Just what is it that makes Doctor Foster so compelling?

The BBC's Doctor Foster

The BBC series is, on the face of it, merely a middle class melodrama. But it's also utterly unmissable, says Ellie Broughton

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By Ellie Broughton on

The sages of Instagram say living well is the best revenge. But what happens when your ex appears to be living as well as you – if not better? Doctor Foster is back for a second series, and in the first episode, that's exactly what we want to find out.

The first season of this gruelling series exploded Gemma Foster's perfect life into a thousand pieces when her husband bankrupted her, cheated on her, and hit her. But if that season was like watching a car crash, the second season starts with Gemma Foster crawl from the wreckage, only to walk into oncoming traffic.

But why exactly is Doctor Foster – the series, and the darkly-lit character herself – so utterly compelling? On the surface of it, this series is a very middle class melodrama: it's Unforgettable, re-written by Mumsnet; a revenge tragedy penned by Jan Moir. When Gemma accuses Simon of ruining her life, she does so from the comfort of her stylish kitchen in her big, beautiful home, Belid lampshades and on-trend geoprint curtains just out of focus. The viewer slips into Gemma's world as quickly as easily as if it were a John Lewis catalogue, leaving all the attention on the characters.

Dark, vengeful heroines are all the rage, and Gemma Foster is a prime example of the contemporary avenging angel. But she's also incredibly human, and the show reveals her at her worst as well as her best: the kind of heroine who breaks into her ex's home, slugs Pinot from the bottle and takes a patient on a date to her ex's wedding party.

Simon, too, has an ambiguity about him that makes his character a pleasure to watch. The last series revealed him as a cheater-cum-liar-cum-wifebeater: a kind of emotional supervillain.

Even though it's a guilty pleasure, it has a true heroine at its heart: messy, clever, funny and tough

But when he and Gemma meet again for the first time in the new series, he appears even more vulnerable than her. At first he might seem calm and collected – but as they talk, his questions probe, and his remarks pick at her clothes. His controlling nature creeps back into the frame. He has learned nothing from their split, and he hasn't changed a bit. There is a bittersweet kind of justice as Gemma catches a glimpse of the man behind the façade.

For me, one of the highlights of the show is its pitch-perfect portrayal of divorce. There's incredible tension when Gemma and Simon spar, but there is also pathos when Gemma exposes her ex to his weaknesses. "Kate's no longer a secret," Gemma points out, "she's become boring. You like the intrigue." In spite of everything, she begins to feel a little compassion for Simon's new wife. Simon still wants Gemma, but whatever “erotic capital” she has, whatever power, is overshadowed by the hurt of the divorce.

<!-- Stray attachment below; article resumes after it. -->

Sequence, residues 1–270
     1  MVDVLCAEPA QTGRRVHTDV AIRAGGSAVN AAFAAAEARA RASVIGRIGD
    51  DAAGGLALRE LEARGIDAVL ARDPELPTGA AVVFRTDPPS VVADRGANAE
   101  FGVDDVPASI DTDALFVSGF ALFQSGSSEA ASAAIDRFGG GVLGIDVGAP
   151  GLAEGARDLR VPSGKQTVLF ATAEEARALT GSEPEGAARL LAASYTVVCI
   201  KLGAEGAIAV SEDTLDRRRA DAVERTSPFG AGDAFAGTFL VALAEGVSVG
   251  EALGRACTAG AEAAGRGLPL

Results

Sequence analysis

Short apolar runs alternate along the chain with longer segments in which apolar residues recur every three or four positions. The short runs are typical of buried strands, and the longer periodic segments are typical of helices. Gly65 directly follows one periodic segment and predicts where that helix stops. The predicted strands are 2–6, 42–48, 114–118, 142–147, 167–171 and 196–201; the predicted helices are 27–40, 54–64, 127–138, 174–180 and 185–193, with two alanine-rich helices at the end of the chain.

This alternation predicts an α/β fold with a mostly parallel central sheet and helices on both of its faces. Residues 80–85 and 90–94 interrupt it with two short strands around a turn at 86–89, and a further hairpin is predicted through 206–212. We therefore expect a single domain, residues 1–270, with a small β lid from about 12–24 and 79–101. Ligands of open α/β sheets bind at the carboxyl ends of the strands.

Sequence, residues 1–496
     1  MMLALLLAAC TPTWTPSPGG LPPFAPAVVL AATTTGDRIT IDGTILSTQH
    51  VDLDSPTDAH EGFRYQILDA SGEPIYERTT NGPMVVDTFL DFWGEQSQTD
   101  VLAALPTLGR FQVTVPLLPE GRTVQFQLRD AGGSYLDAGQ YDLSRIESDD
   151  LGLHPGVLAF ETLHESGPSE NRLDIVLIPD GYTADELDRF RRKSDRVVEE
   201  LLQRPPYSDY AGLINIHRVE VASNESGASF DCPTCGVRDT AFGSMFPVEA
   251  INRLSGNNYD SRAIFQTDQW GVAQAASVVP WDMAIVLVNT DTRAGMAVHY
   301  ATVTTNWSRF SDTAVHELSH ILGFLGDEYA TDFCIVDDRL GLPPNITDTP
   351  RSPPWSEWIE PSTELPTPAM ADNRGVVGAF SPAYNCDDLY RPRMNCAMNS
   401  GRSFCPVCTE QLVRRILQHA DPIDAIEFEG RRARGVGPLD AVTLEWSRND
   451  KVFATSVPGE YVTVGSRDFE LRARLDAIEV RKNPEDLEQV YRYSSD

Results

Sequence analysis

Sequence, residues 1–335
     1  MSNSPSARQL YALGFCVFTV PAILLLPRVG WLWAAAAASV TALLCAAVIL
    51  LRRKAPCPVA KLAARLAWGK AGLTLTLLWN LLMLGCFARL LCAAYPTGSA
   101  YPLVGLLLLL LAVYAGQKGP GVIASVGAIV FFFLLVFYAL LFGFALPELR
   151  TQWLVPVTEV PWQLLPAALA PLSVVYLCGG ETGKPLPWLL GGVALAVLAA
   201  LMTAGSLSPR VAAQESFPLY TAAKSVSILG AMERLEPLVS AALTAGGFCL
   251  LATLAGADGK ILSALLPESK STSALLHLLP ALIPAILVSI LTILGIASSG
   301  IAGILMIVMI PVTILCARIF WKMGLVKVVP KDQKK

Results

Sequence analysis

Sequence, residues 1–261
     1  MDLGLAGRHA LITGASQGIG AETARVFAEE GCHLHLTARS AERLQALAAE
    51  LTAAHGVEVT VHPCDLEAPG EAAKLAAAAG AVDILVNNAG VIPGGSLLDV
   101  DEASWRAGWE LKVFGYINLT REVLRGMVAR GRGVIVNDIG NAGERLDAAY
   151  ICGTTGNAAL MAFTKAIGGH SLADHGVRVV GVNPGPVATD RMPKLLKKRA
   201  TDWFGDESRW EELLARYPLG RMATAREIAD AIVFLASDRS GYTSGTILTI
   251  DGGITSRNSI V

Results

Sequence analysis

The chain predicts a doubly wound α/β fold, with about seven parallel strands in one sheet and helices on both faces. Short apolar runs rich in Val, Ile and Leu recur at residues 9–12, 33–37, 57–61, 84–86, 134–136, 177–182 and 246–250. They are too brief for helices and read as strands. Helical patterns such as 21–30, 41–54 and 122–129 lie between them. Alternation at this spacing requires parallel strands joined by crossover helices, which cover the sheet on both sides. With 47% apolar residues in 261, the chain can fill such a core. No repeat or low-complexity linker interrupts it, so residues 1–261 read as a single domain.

It's enough to drive a woman to her limits, and after he lets himself into Gemma's home, and takes her son with him, she unpacks huge bottles of acid in the kitchen. But Madame Bovary she ain't: she pours the acid into a vase, hauls it into the garden, and drops her wedding ring in it.

There are a dozen other gasp-out-loud moments in the first episode alone: a woman caught breaking into her ex's new house; a bridegroom's hard-on for his ex at his wedding party; a bunch of flowers, the card for which reads, simply, “Bitch”.

Despite everything divorce threw at her, she survived with so much: her relationship with her son has thrived, she still runs her own GP practice and she has rebuilt friendships, even with people who neglected her in the break-up. When she's creepy, unstable, reckless, or rude, not only does it make us laugh or gasp, but it fleshes out this character who could have been left a figure of despair, or – worse – some flat, heroic “survivor” archetype. When Simon tells her to move on, she tears up: "I can't,” she protests. From then on, the drama leaps into action: we know she can do it, and we're dying to watch her try.

It's a little bit trashy, at times swerving dangerously close to a kind of Home Counties Dallas. But even though it's a guilty pleasure, it has a true heroine at its heart: messy, clever, funny and tough. The best revenge? Wait and see.

The second episode of Doctor Foster Series 2 airs on at 9pm on BBC One next Tuesday. The entire first series is available now on iPlayer


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The BBC's Doctor Foster
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women on TV

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